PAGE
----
Diazepam-bound GABAA receptor models identify new benzodiazepine binding-site ligands


Benzodiazepines exert their anxiolytic, anticonvulsant, muscle-relaxant and sedative-hypnotic properties by allosterically enhancing the action of GABA at GABAA receptors via their benzodiazepine-binding site. Although these drugs have been used clinically since 1960, the molecular basis of this interaction is still not known. By using multiple homology models and an unbiased docking protocol, we identified a binding hypothesis for the diazepam-bound structure of the benzodiazepine site, which was confirmed by experimental evidence. Moreover, two independent virtual screening approaches based on this structure identified known benzodiazepine-site ligands from different structural classes and predicted potential new ligands for this site. Receptor-binding assays and electrophysiological studies on recombinant receptors confirmed these predictions and thus identified new chemotypes for the benzodiazepine-binding site. Our results support the validity of the diazepam-bound structure of the benzodiazepine-binding pocket, demonstrate its suitability for drug discovery and pave the way for structure-based drug design.

Access options

Rent or Buy article

Get time limited or full article access on ReadCube.


All prices are NET prices.

Figure 1: Structure of diazepam-sensitive GABAARs and of benzodiazepine ligands.
Figure 2: CBM candidates.
Figure 3: Representation of a CBM I pose of diazepam.
Figure 4: CBM I reference binding modes of diazepam and flumazenil compared to docking poses of virtual screening hits 19 and 20, selected by IFP scoring.
Figure 5: 3-hydroxyoxindoles as a new class of benzodiazepine-binding-site ligands of GABAARs.


  1. 1

    Sieghart, W. Structure and pharmacology of γ-aminobutyric acid A receptor subtypes. Pharmacol. Rev. 47, 181–234 (1995).

    CAS  PubMed  Google Scholar 

  2. 2

    Sigel, E. Mapping of the benzodiazepine recognition site on GABAA receptors. Curr. Top. Med. Chem. 2, 833–839 (2002).

    CAS  Article  Google Scholar 

  3. 3

    Miller, P.S. & Smart, T.G. Binding, activation and modulation of Cys-loop receptors. Trends Pharmacol. Sci. 31, 161–174 (2010).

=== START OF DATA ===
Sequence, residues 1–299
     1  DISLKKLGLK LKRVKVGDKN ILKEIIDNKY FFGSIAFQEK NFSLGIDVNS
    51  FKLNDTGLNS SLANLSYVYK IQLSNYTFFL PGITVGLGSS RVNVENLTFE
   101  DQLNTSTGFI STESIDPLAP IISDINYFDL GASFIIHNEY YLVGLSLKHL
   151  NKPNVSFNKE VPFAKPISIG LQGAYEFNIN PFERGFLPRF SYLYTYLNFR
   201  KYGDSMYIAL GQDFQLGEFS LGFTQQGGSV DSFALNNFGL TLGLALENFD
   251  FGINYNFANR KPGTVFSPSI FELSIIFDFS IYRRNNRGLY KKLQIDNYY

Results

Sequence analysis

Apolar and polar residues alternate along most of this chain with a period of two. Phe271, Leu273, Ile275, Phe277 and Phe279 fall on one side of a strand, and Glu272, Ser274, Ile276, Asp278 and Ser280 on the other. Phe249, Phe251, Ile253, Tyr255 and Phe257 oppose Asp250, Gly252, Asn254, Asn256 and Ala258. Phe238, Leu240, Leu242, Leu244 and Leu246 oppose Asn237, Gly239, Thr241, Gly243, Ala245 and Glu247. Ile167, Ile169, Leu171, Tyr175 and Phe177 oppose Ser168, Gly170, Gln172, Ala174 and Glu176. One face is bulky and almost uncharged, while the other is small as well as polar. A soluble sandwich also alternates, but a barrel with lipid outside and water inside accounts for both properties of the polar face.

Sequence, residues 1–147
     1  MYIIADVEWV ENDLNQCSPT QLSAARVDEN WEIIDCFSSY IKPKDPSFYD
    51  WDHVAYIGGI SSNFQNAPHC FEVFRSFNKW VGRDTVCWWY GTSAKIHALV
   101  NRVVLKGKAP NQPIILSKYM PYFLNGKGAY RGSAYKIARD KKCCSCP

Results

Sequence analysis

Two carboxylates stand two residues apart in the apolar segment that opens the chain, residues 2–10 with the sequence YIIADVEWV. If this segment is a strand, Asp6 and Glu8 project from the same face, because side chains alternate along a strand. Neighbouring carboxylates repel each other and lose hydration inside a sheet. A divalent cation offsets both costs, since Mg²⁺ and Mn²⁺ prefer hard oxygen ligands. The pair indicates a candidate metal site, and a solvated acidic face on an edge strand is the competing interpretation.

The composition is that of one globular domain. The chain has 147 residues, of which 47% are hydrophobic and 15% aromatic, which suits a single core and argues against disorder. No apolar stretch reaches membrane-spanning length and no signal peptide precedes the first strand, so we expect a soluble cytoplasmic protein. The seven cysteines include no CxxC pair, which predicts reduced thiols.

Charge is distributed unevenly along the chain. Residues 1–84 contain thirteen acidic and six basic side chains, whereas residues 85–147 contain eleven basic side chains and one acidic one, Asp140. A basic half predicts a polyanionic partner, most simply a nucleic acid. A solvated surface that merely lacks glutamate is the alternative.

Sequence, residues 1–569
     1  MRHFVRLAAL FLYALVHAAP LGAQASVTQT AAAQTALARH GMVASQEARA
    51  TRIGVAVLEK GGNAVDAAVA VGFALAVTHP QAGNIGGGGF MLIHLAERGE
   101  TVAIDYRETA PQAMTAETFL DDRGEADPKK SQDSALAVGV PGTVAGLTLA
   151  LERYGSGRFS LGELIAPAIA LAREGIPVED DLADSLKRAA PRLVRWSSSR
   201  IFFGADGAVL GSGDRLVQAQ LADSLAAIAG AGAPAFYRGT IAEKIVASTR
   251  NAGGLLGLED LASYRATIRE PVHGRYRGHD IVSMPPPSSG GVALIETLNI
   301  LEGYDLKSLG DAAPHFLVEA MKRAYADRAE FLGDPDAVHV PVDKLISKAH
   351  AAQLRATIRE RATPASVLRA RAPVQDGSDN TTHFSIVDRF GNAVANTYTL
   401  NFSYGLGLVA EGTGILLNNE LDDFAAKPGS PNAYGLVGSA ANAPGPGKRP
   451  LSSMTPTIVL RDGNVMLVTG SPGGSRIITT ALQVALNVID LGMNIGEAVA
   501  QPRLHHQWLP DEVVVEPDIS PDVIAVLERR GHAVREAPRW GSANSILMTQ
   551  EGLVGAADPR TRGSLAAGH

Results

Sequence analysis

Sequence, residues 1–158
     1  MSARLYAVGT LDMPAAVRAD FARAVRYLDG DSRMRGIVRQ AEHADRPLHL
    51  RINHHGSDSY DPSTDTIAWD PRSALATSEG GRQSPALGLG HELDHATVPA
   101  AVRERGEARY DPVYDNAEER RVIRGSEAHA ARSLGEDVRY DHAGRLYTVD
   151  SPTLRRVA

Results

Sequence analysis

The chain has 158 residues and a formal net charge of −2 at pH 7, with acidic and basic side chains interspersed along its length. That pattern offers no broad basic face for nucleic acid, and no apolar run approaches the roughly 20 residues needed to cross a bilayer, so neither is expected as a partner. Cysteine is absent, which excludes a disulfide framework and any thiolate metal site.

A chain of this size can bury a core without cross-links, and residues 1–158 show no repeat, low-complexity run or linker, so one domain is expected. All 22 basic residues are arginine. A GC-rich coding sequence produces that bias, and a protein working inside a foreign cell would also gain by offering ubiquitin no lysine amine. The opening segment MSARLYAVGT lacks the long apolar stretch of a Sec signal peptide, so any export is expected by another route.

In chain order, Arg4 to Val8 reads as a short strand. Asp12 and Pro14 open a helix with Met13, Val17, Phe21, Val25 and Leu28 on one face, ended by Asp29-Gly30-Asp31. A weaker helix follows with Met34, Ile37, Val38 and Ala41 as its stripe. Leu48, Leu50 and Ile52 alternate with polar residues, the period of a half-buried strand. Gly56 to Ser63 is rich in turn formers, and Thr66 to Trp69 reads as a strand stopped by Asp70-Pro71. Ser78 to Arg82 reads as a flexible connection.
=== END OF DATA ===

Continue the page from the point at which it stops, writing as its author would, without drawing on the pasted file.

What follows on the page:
CAS  Article  Google Scholar 

  4. 4

    Clayton, T. et al. An updated unified pharmacophore model of the benzodiazepine binding site on γ-aminobutyric acidA receptors: correlation with comparative models. Curr. Med. Chem. 14, 2755–2775 (2007).

    CAS  Article  Google Scholar 

  5. 5

    Mokrab, Y. et al. Exploring ligand recognition and ion flow in comparative models of the human GABA type A receptor. J. Mol. Graph. Model. 26, 760–774 (2007).

    CAS  Article  Google Scholar 

  6. 6

    Ci, S., Ren, T. & Su, Z. Investigating the putative binding-mode of GABA and diazepam within GABAA receptor using molecular modeling. Protein J. 27, 71–78 (2008).

    CAS  Article  Google Scholar 

  7. 7

    Berezhnoy, D., Gibbs, T.T. & Farb, D.H. Docking of 1,4-benzodiazepines in the α1/γ2 GABAA receptor modulator site. Mol. Pharmacol. 76, 440–450 (2009).

    CAS  Article  Google Scholar 

  8. 8

    Sancar, F., Ericksen, S.S., Kucken, A.M., Teissére, J.A. & Czajkowski, C. Structural determinants for high-affinity zolpidem binding to GABAA receptors. Mol. Pharmacol. 71, 38–46 (2007).

    CAS  Article  Google Scholar 

  9. 9

    Evers, A., Gohlke, H. & Klebe, G. Ligand-supported homology modelling of protein binding-sites using knowledge-based potentials. J. Mol. Biol. 334, 327–345 (2003).

    CAS  Article  Google Scholar 

  10. 10

    Krissinel, E. & Henrick, K. Secondary-structure matching (SSM), a new tool for fast protein structure alignment in three dimensions. Acta Crystallogr. D Biol. Crystallogr. 60, 2256–2268 (2004).

    CAS  Article  Google Scholar 

  11. 11

    Rarey, M., Kramer, B., Lengauer, T. & Klebe, G. A fast flexible docking method using an incremental construction algorithm. J. Mol. Biol. 261, 470–489 (1996).

    CAS  Article  Google Scholar 

  12. 12

    Moitessier, N., Englebienne, P., Lee, D., Lawandi, J. & Corbeil, C.R. Towards the development of universal, fast and highly accurate docking/scoring methods: a long way to go. Br. J. Pharmacol. 153 (suppl 1): S7–S26 (2008).

    CAS  PubMed  Google Scholar 

  13. 13

    Claussen, H., Buning, C., Rarey, M. & Lengauer, T. FlexE: efficient molecular docking considering protein structure variations. J. Mol. Biol. 308, 377–395 (2001).

    CAS  Article  Google Scholar 

  14. 14

    Chema, D., Eren, D., Yayon, A., Goldblum, A. & Zaliani, A. Identifying the binding mode of a molecular scaffold. J. Comput. Aided Mol. Des. 18, 23–40 (2004).

    CAS  Article  Google Scholar 

  15. 15

    Wang, R., Lai, L. & Wang, S. Further development and validation of empirical scoring functions for structure-based binding affinity prediction. J. Comput. Aided Mol. Des. 16, 11–26 (2002).

    CAS  Article  Google Scholar 

  16. 16